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Seal of the Senate of the State of Texas
Welcome to the official website for the
Texas Senate
March 13, 2007
(512) 463-0300


Lt. Gov. David Dewhurst and Attorney General Greg Abbott testify before a meeting of the Criminal Justice Committee about a bill that would increase penalties against sex offenses against children. At the dais (L-to-R) are Senators John Carona, Juan "Chuy" Hinojosa, and Chair John Whitmire.

(AUSTIN) — The Senate Criminal Justice Committee voted Tuesday abolish the current board of the Texas Youth Commission. At a meeting of a joint committee charged with fixing the TYC last week, House and Senate Members gave a unanimous vote of no confidence in the current board members, due to mismanagement of the agency. Though that vote had no legal authority to remove the board members, the bill passed Tuesday, if passed by both houses with at least two-thirds vote, could remove the board in a short time.

Senator Chris Harris, who authored the measure, says this bill will remove a board that maintains they did nothing wrong in spite of all the contrary evidence. "Sen. Whitmire asked them [at the TYC committee meeting] no fewer than four times to tender their resignation, and they said they had done nothing wrong, and that they had properly managed the TYC," he said. This bill would also bar the Governor from appointing any current member back to the board after it has been dissolved. The Senate would also have final say on any new appointees, as the state Constitution empowers the Senate to confirm or deny all gubernatorial appointments.

The Criminal Justice Committee also considered Texas' own version of Jessica's Law, a measure to increase penalties against sex offenders who commit crimes against children. Bill author Senator Bob Deuell of Greenville said that this bill represents a starting point for all the stakeholders to come together and craft a workable bill, but that all parties involved have the same result in mind. "Our goal is to stop sexual predators," he said. "I would rather not deal with victims and criminals, I want a bill that stops it before it starts."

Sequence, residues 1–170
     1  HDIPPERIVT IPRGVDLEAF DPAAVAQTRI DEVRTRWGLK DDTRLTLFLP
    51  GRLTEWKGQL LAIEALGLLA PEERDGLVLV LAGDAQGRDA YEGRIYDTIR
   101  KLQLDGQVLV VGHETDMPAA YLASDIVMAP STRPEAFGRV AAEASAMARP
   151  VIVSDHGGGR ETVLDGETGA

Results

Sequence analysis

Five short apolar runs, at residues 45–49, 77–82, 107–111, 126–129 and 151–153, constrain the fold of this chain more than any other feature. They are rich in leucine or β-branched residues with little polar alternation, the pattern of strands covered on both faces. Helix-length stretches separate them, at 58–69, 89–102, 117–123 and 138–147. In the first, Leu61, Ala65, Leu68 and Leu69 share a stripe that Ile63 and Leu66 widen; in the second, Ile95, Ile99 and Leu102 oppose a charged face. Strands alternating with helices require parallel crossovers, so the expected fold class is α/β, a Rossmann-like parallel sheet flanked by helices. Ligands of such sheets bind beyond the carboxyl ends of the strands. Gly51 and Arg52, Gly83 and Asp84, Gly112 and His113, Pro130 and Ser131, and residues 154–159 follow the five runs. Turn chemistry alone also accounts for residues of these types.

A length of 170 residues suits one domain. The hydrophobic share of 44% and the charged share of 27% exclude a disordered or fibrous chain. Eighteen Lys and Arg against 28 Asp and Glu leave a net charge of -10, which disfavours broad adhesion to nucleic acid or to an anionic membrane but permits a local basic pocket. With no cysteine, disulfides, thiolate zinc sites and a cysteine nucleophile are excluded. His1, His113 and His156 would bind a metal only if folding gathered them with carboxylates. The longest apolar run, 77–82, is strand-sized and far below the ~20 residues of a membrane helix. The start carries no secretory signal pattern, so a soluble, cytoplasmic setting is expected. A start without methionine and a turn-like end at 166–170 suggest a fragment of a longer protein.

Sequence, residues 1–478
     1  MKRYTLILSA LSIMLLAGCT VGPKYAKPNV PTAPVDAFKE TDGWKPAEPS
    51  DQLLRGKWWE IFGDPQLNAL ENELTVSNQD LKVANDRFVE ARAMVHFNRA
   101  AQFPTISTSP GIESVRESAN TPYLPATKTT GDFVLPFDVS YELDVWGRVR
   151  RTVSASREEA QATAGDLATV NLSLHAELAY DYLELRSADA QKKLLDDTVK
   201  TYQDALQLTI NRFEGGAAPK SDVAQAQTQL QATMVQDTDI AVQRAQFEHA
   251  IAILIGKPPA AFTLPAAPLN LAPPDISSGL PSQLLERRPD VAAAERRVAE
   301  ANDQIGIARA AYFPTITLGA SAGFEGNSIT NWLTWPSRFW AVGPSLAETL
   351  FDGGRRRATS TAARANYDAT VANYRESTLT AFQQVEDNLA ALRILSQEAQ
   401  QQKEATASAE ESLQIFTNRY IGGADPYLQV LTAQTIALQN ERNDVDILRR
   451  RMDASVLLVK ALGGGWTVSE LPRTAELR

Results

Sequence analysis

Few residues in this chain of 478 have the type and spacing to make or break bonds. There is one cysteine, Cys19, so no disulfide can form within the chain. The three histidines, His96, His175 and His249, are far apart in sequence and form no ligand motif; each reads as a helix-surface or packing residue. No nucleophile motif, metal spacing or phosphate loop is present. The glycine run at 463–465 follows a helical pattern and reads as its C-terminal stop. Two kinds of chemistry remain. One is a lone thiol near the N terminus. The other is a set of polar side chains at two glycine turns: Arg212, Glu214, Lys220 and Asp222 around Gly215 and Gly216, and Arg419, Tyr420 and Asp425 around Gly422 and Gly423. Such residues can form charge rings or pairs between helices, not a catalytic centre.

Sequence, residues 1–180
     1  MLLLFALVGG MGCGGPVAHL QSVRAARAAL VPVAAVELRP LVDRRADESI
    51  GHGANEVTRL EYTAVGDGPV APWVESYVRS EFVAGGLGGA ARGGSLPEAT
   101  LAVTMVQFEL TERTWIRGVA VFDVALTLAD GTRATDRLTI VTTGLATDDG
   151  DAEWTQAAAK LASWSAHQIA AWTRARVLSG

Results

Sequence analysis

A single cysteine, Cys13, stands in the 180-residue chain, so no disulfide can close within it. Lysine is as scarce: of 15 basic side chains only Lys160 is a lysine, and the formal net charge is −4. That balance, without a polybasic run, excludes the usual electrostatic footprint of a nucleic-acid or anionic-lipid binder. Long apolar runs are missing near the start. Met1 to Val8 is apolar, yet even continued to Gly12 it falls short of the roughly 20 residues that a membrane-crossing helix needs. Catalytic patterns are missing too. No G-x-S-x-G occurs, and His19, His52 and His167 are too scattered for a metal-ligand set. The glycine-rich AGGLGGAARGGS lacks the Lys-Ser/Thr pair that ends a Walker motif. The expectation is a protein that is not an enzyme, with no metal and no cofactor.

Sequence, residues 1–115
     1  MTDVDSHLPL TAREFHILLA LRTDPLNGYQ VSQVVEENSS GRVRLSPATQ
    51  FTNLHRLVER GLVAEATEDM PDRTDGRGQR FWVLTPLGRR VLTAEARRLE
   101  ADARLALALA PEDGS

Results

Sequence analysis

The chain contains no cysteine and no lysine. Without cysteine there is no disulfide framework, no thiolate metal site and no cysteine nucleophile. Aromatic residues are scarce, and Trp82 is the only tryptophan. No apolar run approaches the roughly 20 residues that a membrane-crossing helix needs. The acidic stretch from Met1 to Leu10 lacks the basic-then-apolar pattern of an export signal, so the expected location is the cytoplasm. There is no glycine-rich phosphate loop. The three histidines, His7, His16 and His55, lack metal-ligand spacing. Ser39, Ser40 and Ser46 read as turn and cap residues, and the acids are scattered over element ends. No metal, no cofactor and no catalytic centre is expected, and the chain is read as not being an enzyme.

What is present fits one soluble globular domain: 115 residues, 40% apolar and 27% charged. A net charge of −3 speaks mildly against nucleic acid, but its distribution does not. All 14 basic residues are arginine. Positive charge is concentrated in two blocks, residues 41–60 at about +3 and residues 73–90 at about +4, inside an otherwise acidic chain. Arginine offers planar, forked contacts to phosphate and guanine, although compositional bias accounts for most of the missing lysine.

The bill would mandate a 25-year minimum sentence for any person who commits an aggravated sexual offense against a child under the age of 14. These offenders would also be subject to 24-hour GPS monitoring when they get out of prison. It would make repeat offenders against children under 14 eligible for the death penalty. The bill addressed before the committee Tuesday differs from the filed bill in some ways. One specific example is the removal of the statute of limitations for sexual assault against children.

Deuell says this bill sends a clear message. "If you commit these heinous acts against our children in Texas, justice will be severe," he said.

There have been concerns expressed about certain provisions in the bill by prosecutors and victims advocates. The two main issues are, first, would a second-time sex offender who knows he will get the death penalty be more likely to kill a child to remove a possible witness. The second concern is that a law that permits the death penalty for a case not involving murder would be overturned by the Supreme Court.

Attorney General Greg Abbott testified before the committee relating to these issues. Abbott called the first scenario "ludicrous", saying these criminals do not consider the consequences of their crimes in this detail. He added that a criminal who murdered a child would be more likely to get caught, convicted and executed than one who simply committed a sex crime, due to the vigor of the investigation and prosecution efforts. "What if you're wrong," asked committee Chair John Whitmire. "What if there is a smart, manipulative sex offender, and he does decide to kill the evidence?" Abbott responded that this is a purely hypothetical situation, with no good evidence to support the outcome.

As to the constitutionality of the death penalty for non-murder crimes, Abbott said the U.S. Supreme Court has never considered a case with the criteria and thresholds set out in this bill. He said that because of the confluence of facts and heinous nature of the crime, that the Court would be more likely to uphold a Texas law. Abbott added that he would personally go before the Court to argue this case if it ever faced a constitutional challenge.

The Senate will reconvene Wednesday, March 14, at 11 a.m.

Session video and all other Senate webcast recordings can be accessed from the Senate website's Audio/Video Archive.